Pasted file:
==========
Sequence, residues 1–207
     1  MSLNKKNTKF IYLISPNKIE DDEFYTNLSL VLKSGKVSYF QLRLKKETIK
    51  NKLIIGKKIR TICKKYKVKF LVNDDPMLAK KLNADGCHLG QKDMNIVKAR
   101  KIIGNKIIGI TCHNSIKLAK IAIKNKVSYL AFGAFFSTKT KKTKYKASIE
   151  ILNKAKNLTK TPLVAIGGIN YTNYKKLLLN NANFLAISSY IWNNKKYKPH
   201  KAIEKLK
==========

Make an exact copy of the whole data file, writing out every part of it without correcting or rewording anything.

Sequence, residues 1–207
     1  MSLNKKNTKF IYLISPNKIE DDEFYTNLSL VLKSGKVSYF QLRLKKETIK
    51  NKLIIGKKIR TICKKYKVKF LVNDDPMLAK KLNADGCHLG QKDMNIVKAR
   101  KIIGNKIIGI TCHNSIKLAK IAIKNKVSYL AFGAFFSTKT KKTKYKASIE
   151  ILNKAKNLTK TPLVAIGGIN YTNYKKLLLN NANFLAISSY IWNNKKYKPH
   201  KAIEKLK